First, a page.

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How (and Why) to Teach Kids to Care


Raising caring kids is a goal most parents strive for — and one that's becoming increasingly challenging given the violence, in media and real life that children are inevitably exposed to these days. There is some good news, though. While researchers once believed that kids had to learn to care, it seems they may possess this ability even as toddlers.

One study found that children as young as 21 months show signs of empathy when their parents are upset (crying or arguing).

Another study, this one published in the American Psychological Association's (APA) Developmental Psychology journal, found that even young children who are aggressive and disruptive show "concern for the welfare of others."

A caring heart
However, the startling finding is that this concern can decrease as children reach school age. What has the potential to affect a child's caring for the better? Warm and supportive parenting. As the study's authors pointed out, negative parenting can have the opposite effect.

"Our results … show important links between parenting style and children's prosocial development. … The present results clearly suggest that mothers who are overly strict and harshly punitive, who do not tend to reason or establish reasonable and consistent rules, and who strongly show their anger or disappointment with their children are likely to impede their children's prosocial development," reads the study.

Fortunately, as a parent you don't have to just sit back and hope that your child turns out to be a compassionate, caring individual who shows concern for the welfare of others. You can take the following steps to actively ensure that your child grows into a caring adult.

7 steps toward softer hearts

1. Teach your child the importance of charity. Every so often, go through your closets and drawers to find clothing you don't wear anymore or toys that are no longer used. Have your children do the same. Donate the items to Goodwill or the Salvation Army and explain to your kids that their donation will go to someone in need. Other methods include traveling to nursing homes to visit an elderly "grandparent" or volunteering at a local homeless shelter as a family.

Children should also be encouraged to donate a portion of their allowance. The award-winning Money Savvy Pig is an excellent tool to help them do this. Much more than an ordinary piggy bank, the Money Savvy Pig has four chambers, one for each of the "money choices" that children have when they earn or receive money: save, spend, donate or invest.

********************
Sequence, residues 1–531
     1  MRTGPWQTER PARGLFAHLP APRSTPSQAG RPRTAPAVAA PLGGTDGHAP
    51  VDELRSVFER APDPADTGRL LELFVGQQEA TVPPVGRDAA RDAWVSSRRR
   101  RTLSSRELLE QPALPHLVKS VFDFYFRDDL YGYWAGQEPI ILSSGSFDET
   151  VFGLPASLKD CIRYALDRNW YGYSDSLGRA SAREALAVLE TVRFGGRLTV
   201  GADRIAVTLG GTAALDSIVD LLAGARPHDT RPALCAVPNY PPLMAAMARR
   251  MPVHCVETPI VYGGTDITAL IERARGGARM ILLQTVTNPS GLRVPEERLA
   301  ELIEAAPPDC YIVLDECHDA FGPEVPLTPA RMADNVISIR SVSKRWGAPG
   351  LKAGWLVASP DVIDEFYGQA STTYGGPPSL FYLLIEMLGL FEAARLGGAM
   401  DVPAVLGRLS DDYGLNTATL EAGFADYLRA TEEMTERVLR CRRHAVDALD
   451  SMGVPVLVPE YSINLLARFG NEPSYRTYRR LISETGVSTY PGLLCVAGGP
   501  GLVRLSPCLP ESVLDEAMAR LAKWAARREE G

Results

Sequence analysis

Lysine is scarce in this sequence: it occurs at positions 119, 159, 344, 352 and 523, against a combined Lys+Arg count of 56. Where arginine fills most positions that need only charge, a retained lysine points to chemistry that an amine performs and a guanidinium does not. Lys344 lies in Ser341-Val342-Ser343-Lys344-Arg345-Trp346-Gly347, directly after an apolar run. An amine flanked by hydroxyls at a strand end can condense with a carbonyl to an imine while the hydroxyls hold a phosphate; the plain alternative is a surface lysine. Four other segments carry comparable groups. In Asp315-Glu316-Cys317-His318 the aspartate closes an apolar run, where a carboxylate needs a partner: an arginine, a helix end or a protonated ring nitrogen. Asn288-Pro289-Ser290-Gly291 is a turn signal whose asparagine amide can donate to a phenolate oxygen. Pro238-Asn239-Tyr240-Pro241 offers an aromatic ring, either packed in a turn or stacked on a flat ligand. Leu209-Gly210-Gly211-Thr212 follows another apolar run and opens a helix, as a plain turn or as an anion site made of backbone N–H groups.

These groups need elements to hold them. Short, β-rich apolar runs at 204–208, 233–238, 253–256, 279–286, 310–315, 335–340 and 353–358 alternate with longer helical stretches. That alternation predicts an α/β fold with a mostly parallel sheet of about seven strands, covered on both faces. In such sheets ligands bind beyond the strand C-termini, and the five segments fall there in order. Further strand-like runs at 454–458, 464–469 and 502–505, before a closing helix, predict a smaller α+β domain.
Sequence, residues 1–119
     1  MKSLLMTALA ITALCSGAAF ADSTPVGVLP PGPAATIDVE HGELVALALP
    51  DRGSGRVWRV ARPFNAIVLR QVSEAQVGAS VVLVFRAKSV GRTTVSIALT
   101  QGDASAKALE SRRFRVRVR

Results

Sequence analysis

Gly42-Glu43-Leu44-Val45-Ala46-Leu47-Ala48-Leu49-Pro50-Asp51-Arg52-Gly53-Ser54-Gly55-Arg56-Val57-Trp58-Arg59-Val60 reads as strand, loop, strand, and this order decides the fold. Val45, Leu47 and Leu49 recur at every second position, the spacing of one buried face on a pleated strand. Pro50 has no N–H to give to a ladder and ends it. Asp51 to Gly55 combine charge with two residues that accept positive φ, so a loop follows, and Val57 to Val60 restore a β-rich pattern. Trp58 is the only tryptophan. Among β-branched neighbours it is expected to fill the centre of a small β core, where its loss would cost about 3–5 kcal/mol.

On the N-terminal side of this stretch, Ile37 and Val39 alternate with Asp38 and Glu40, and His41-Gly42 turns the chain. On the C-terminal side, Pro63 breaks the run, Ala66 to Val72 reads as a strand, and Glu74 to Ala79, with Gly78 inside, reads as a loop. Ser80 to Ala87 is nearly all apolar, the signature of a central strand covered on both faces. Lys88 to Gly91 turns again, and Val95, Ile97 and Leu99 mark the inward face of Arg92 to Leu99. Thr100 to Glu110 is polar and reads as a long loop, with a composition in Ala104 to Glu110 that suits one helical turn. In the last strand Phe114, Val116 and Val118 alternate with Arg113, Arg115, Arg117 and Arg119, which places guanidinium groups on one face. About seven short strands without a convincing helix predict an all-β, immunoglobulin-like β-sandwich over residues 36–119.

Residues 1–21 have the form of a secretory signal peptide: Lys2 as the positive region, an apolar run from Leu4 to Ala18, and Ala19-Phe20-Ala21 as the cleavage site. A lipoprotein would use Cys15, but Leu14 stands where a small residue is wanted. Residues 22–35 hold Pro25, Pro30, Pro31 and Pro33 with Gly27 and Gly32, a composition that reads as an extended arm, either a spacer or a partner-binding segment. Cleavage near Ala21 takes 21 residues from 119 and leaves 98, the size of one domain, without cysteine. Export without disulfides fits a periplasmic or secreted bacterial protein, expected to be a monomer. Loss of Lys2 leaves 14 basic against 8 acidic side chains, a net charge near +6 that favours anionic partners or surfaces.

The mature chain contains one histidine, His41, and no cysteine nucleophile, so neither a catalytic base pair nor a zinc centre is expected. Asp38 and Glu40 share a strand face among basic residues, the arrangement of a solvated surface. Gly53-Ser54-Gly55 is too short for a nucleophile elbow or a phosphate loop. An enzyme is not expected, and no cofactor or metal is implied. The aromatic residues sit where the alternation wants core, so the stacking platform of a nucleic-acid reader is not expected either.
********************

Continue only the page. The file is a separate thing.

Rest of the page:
It's up to them to decide how much should be "donated," and as a parent, you can monitor their donations and discuss their importance. Children can then decide where to donate their money (for instance, to a local humane society, a charity of their choice or buying toys for needy kids).

2. Let your kids know what type of behavior you like and what you don't. If you spot your child doing something not so nice, let her know. But rather than saying, "You're not nice," (which could hurt her personally) say something like, "When you took your brother's toy, it made him cry. That wasn't a very nice thing to do. I'd like it if you shared your toys with him, and I think he'd like it too." If your children learn that caring behaviors are important to you, these behaviors are likely to become important to your kids, too.

3. Be caring, yourself. Children learn by watching others, which means that if you're caring to others (and to your children), your kids are likely to be also. Take time to help an elderly neighbor plant flowers, volunteer your time to tutor needy kids after school or say hello to a homeless person. Whenever possible, involve your kids as well and point out to them how something as simple as a caring word or smile can brighten someone else's day.

4. Teach your child to respect all living things. Taking a stray animal to a shelter or feeding ducks in a pond can help your child learn the concept of respecting others. It's also important to let your child know that you respect him, and praise him when he does something kind.

5. Expose your child to books and TV that teach caring. Many books and TV programs can encourage caring in kids. Take your child to your local library and let her choose some on her own (or ask the librarian for help). You may also want to limit the amount of violent TV your child watches; a study by the National Institute of Mental Health found that kids who see kindness on TV may imitate it, so the same may also hold true for violence.

6. Let your child nurture. Giving kids a chance to take care of a younger sibling, pet or even a plant can help them learn the importance of taking care of others and how good it feels to do something nice for another person or animal.

7. Encourage kids to "contribute" their own special talents. Everyone has unique talents, and letting kids share theirs will increase their sense of self-worth while instilling in them the importance of giving. For instance, if your older child is gifted at music, encourage him to donate music lessons to the needy, or if your child is an honor student, encourage him to tutor kids after school.


Reprinted with permission from the Security & Wellness e-newsletter

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